Getting to Know Armenians of Istanbul: Past and Present

Shishli, an Armenian cemetery where Ara Guler's memorial service was held


Istanbul was a destination that I, for years, longed to visit. I was visiting Yerevan, when a friend informed me of a small group that was traveling to Istanbul from Yerevan. I instantly seized the opportunity.

It was a seven day trip, and, in order to cut the cost, our plan was to leave from Yerevan, traveling by bus to the border city of Kars, in Turkey. From there, we would fly to Istanbul, or, as Armenians call it, “Bolis.”

The word Bolis is derived from the ending of the historical name of the city – Constantinople or Constantine-polis. The ancient name was given in honor of Emperor Constantine, who, in 330 A.D., had assigned the city as the capital of the Byzantine Empire. This was around the time that Western Armenia fell under Byzantine rule. History tells us that Armenians held important administrative and key military positions in Byzantine courts, and that there were even Emperors and Empresses of Armenian descent. The best example of this is that of Emperor Heraclius, (575-641 A.D.) whose father was Armenian.

Our trip was designed to connect us to the past history of the Armenians in Istanbul. Our action packed itinerary began on Sunday, October 20, as our tour guide had planned a full day of activities. We first visited the memorial of Hrant Dink, the Turkish-Armenian journalist who was gunned down in 2007. There is often a price to pay for speaking the truth – Hrant Dink was assassinated because he wanted Armenians to be able to live in Turkey peacefully, with the same legal and civil rights as other citizens. A memorial plaque installed on the sidewalk where he was gunned down, in front of the Agos newspaper office, reads, “Hrant Dink was assassinated, here on January 19, 2007 at 3:05 p.m.”

Catherine Yesayan at Hrant Dink’s memorial plaque

Catherine Yesayan at Hrant Dink’s memorial plaque

From there, with teary eyes, we walked to the Ferikoy Armenian neighborhood, where we attended a very interesting and rich liturgy at St. Vardanantz church, which was built in 1861. The mass ended with a sermon by Patriarch Aram Ateshian. The church was to its capacity, with about 500 parishioners in attendance. At the church courtyard, I met Shnork Peshiktashlian, a board member of the Ferikoy Armenian neighborhood. He gave me a quick rundown of the neighborhood, which has been home to Istanbul’s Greek and Armenian families for centuries.

“Today, the number of Armenians of Ferikoy should be around 25,000, and, in the whole Istanbul, the Armenians are estimated to be around 70,000. There are close to 40 churches, 16 schools, six Armenian cemeteries, and one hospital. The highest number of Armenians that existed in Istanbul was around 250,000 during 1880s. Today, there are three main publications: Jamanak, Marmara, and Agos. In addition, there are half a dozen smaller publications,” said Shnork. Right behind the church, there was the Merametdjian School, which was built in 1912. Shnork had attended that school sometime between 1967 and 1975. “At the time, the school had over 1,000 students. However, today, the school has only 186 students,” he said.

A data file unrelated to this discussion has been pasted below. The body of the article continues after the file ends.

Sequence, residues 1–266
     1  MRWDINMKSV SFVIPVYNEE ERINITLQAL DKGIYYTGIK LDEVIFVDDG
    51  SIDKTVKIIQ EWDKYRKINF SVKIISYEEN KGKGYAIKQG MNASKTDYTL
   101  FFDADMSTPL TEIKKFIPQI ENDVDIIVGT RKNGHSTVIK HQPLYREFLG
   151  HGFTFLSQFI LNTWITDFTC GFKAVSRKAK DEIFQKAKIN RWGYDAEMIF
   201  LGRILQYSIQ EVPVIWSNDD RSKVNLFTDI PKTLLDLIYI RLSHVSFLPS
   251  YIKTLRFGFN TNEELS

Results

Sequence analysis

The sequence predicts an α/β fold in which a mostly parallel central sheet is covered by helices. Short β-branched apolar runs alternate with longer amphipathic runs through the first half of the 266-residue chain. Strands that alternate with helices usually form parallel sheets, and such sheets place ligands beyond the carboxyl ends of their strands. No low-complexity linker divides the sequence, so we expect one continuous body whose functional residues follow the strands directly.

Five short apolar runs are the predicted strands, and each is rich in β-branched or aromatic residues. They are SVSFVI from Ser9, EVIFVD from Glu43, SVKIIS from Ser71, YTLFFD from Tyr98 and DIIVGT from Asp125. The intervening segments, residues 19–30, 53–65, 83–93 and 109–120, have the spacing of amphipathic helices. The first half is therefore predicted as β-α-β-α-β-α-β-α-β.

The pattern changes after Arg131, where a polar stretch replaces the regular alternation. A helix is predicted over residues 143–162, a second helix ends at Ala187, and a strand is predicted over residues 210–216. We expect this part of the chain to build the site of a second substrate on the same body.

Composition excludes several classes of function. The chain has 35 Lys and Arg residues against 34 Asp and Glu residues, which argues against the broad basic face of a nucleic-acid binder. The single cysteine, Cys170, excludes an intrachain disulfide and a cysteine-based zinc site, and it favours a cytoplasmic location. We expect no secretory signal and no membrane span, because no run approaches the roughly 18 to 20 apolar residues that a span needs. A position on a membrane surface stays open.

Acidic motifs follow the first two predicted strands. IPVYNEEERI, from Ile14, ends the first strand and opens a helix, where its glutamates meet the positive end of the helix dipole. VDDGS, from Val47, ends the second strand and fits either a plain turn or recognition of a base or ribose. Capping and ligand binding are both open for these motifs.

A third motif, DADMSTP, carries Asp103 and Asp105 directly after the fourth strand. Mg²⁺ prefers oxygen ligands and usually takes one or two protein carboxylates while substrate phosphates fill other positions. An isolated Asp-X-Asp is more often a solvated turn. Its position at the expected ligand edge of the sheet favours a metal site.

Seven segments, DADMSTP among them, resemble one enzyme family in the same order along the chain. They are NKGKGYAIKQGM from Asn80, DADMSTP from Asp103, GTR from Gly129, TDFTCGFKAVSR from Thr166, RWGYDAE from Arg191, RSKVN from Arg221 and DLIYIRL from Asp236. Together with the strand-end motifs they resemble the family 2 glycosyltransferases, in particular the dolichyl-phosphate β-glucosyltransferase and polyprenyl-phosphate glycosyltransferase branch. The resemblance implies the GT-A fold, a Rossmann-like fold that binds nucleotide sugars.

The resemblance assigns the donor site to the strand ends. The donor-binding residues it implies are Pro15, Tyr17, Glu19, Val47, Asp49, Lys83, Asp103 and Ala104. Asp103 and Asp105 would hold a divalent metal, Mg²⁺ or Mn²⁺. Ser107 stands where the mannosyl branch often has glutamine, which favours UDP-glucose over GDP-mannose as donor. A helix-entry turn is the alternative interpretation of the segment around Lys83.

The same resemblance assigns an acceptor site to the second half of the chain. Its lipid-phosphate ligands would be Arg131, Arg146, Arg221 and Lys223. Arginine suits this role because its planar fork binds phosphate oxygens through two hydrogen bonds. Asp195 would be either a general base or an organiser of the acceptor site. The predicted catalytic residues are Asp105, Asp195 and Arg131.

Our next stop was the Armenian cemetery of Shishli, which was within walking distance. Incidentally, on that day, at that very cemetery, a memorial service was being held for Istanbul’s native son Ara Guler. Born in 1928, Guler was a Turkish-Armenian photojournalist. He was known as the “Eye of Istanbul.” I first learned about Guler a few years ago at the Golden Apricot film festival in Yerevan. There, I watched a one-hour long documentary, produced by a Turkish filmmaker, about Guler’s life. He died a year ago, at the age of 90. The service we witnessed was the memorial marking one year since his passing. It was conducted by the Ormanian Patriarch, at his gravesite, which was covered with several wreaths of flowers. About 100 people were in attendance, including family members and journalists. Istanbul’s Marriott hotel, which is built next to Shishli cemetery, sits on land that was purchased from Armenians.

Then, we went from one cemetery to the next, as our next visit was to Istanbul’s “Sourp Khach” Armenian cemetery. Built in 1551, “Sourp Khach” may be the oldest cemetery in Istanbul. To get there, we first took a bus, then a ferry boat to the Asian side of Istanbul, then another bus and a short walk. In total, it took us about an hour to reach the cemetery. On the first bus, we met an Armenian woman who, coincidentally, was heading in the same direction. The cemetery was located in the Armenian neighborhood of Baghlarbash, in Uskudar, in the Asian side of Istanbul. We knocked on the door and were greeted by Stepan, the cemetery guard.

Bedros Tourian's gravesite at Sourp Khach cemetery

Bedros Tourian’s gravesite at Sourp Khach cemetery

My pre-conceived image of a cemetery that old was to be spooky; however, it was anything but. Most gravesites were well taken care of, and some were even sparkling clean. We were lucky enough to visit our beloved poet Bedros Tourian, who died at the very young age of 21 in 1872 from Tuberculosis. His tombstone was a page of his best poem, carved in white marble, in which he predicts his coming death. We stood in front of the graveside, wrapped in our emotions, and together we recited the poem. It looked as though we were visiting a pilgrimage site. There was also a court dedicated to the Balyan family, who, beginning from the early 17th century, had constructed various architectural buildings in the Ottoman Empire. The surviving works of the Balyan family include palaces, mosques, and barracks.